Ring Chime: Needy wireless doorbell or $30 bling t'ing?

It works, but do I really want a gadget that emails me begging for a recharge?

Review We were quite taken with the Ring doorbell earlier this year. For $200, and after some very basic DIY, you get a high-tech security device.

It includes an HD camera, an intercom, a motion sensor and, yes, a doorbell.

The Ring links to your phone, gives you alerts, lets you watch video of people through it and lets you have a conversation with the person at the other end. Never miss a delivery again and scare off potential burglars. Perfect.

There were a couple of problems with the Ring, though. One of the biggest was that it required a wired connection to set off a doorbell sound in your house.

Roughly half of all doorbells in the United States use a very simple and very cheap radio system. The button is powered by an AA battery; it sends a quick and simple ping to the doorbell inside, which you can mount pretty much wherever you want.

The Ring, however, does not connect to these devices. Yes, if you have a wired system, it will work. Yes, if your phone is not set to vibrate, your phone will ring. But otherwise, the doorbell is pressed and you don't hear it, which can make it somewhat pointless.

Enter the Chime. The Chime solves this use case for the company. Simply put, it is a doorbell extender. You plug it into any socket in your house, connect it to your wireless connection, tell it to talk to your Ring doorbell through the Ring app and henceforth, whenever the Ring sets off an alert, the Chime also rings. Problem solved.

Downside

The Chime, however, is an imperfect solution for a number of reasons.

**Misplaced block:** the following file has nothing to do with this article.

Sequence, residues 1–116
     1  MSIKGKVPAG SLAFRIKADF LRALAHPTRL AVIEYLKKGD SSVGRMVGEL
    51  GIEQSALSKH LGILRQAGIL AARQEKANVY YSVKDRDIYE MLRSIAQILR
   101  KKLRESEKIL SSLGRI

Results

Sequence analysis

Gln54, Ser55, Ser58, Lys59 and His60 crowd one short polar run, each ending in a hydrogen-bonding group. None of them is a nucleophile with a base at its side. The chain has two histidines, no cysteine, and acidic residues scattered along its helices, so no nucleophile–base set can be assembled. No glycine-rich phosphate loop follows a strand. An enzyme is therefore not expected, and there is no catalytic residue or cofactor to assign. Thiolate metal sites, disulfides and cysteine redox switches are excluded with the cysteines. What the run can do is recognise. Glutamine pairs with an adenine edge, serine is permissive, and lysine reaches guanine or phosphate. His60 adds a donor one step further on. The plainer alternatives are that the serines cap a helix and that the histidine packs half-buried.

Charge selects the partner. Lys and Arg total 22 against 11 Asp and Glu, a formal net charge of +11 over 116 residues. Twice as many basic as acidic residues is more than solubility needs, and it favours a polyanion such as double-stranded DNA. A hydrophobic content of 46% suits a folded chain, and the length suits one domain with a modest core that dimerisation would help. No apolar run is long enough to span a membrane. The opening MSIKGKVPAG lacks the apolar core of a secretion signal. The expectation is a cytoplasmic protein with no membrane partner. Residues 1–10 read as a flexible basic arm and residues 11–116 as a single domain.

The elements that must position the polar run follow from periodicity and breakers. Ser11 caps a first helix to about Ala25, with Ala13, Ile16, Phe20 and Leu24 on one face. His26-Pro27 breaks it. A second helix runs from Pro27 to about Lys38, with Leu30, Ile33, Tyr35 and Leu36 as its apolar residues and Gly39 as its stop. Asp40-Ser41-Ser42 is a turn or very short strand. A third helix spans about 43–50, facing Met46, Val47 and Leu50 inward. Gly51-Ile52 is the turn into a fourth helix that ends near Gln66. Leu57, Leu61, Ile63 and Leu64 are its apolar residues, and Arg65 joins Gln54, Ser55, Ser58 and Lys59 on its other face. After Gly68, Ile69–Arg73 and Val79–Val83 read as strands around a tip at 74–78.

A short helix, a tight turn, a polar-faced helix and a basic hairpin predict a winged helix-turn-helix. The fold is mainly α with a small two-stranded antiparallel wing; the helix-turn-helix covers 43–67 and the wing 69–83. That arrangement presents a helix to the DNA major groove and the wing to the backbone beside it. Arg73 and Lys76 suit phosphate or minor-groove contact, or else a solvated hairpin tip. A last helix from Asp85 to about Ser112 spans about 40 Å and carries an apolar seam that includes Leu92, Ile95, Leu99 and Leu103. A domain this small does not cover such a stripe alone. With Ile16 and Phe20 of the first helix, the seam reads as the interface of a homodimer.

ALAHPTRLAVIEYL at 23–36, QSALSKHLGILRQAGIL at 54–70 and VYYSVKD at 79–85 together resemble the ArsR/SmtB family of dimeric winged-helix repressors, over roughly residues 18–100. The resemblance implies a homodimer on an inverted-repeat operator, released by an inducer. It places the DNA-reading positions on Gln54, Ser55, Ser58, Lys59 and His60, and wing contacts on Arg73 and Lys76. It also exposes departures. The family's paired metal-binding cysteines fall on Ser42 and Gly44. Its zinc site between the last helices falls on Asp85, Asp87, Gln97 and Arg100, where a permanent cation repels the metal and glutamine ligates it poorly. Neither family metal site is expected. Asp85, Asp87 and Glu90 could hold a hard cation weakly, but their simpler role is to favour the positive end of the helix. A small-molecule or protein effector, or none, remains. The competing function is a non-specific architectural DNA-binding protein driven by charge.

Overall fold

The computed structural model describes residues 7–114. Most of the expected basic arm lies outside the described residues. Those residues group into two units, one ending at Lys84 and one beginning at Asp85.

One, it costs $30. Which is a lot of money for a doorbell ringer. Second, you have to plug it into a power socket. So not only does that permanently take up a power socket in your house but it also limits your placement of the doorbell ringer.

Most ringers are typically at head height or above because they spread the sound further. The Chime is almost certainly going to be at foot height unless you put it in your kitchen. That means it doesn't cover as much ground and it can't get as loud as some people will need it to be.

It's easy to understand the design limitations that the Ring was under. For one, it needed to connect to your Wi-Fi because otherwise the doorbell wouldn’t be able to communicate with it without a hardware upgrade.

The fact it needs wireless means it really needs to be powered or the Wi-Fi would kill the battery in short order. So the Chime has to fit into a power socket. And that means it needs to be relatively compact or it will stick out of the wall, possibly fall out, possibly get in the way or be kicked off, etc. Moreover, its now small size means it can't hold a large speaker so it can't get really loud. That means if you have a larger house or two floors, you may strain to hear it.

None of that is to say that the Chime doesn't work. It does. It works seamlessly and we've tested it solidly for nearly two weeks. But it is a $30 compromise solution.

And that leads you back to the question: is it worth getting the Ring?

Well, since we reviewed the Ring back in May, the market has moved a little. For example, Nest has brought out its updated Nest Cam. And while that isn’t a doorbell, it can be used to supply a number of very useful add-ons that the Ring does – video audio, motion, connection to your phone.

For the same price as the Ring you could get a Nest Cam and then use a traditional simple doorbell system.




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